The Lion King is an award-winning musical, one of the longest-running of all time. It has traversed the globe and finally the dazzling production has made a stop at Place Des Arts in Montreal from August 9 to September 4. Long live the king!
The Lion King musical is a magical romp that follows the characters through the African grasslands with dazzling visuals and stunning costumes. In addition to directing the production and helping with the music, Julie Taymor also designed the costumes, masks and puppets that the actors wear throughout the production. The masks are mechanical so that they can easily obscure the human face, suspend audience disbelief and seamlessly transport the viewer to the world on stage.
Julie Taymor directs an all-star cast in the adaptation of the Disney film that brilliantly manages to retain the essence and charm of the original. The musical generally remains faithful to the script of the Disney movie, but there were some minor changes. For instance, Rafiki the beloved baboon is now a female baboon because Taymor wanted a strong female lead in the cast. Aside from that, the nefarious villain, Scar, tries to take young lioness Nala as his mate. That was definitely not in the original movie. Other than that The Lion King is a visually stunning and faithful rendition of a well-loved classic.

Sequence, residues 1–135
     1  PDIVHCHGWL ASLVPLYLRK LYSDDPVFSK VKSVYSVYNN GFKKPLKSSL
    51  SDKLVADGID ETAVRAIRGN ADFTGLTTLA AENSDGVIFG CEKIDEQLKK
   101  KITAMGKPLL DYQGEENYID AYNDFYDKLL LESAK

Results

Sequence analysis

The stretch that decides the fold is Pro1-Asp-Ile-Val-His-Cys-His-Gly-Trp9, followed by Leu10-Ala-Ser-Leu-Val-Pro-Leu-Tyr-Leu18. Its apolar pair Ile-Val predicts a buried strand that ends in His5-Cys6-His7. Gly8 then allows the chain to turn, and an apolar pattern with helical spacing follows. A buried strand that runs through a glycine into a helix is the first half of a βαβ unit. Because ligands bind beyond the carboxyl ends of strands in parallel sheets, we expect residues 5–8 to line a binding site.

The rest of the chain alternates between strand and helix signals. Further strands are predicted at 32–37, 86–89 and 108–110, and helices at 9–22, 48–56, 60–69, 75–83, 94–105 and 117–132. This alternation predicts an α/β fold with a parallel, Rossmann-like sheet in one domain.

Throughout the production, the actors pop up all over the theatre, often opening songs while mingled in the crowd on the balcony. During The Circle of Life, giant elephants charged down the aisles toward the stage while dancers traipsed around the theatre swinging giant birds. The production is a completely absorbing experience where occasionally the entire theatre doubles as a stage.
Those familiar with The Lion King will recognize their favourite songs, like Hakuna Matata, I Just Can’t Wait to be King and, of course, the epic ballad Can You Feel the Love Tonight by Elton John and Tim Rice. All the songs from the movie that you want to hear are performed in the musical and you can look forward to some new numbers by composer Mark Mancina and Lebo M, who provided additional music and lyrics.
The set design was equally awe-inspiring. Set Designer Richard Hudson created a timeless set by evoking African textiles and prints and patterns that shift between contemporary and ancient styles. The Pride Rock scenes are bathed in golden light with the lush grasslands that we associate with the film, for the more dramatic moments and the storm scenes the entire theatre is transformed with elaborate light tricks.
The Lion King is a timeless story and a childhood favourite. Normally when you’re in a theatre and someone is talking loudly behind you, it’s annoying. But when it’s a child squealing because she’s seeing her favourite movie adapted to the stage, the talking is a welcome and charming addition. The Lion King seems to make everything okay. Hakuna Matata, am I right?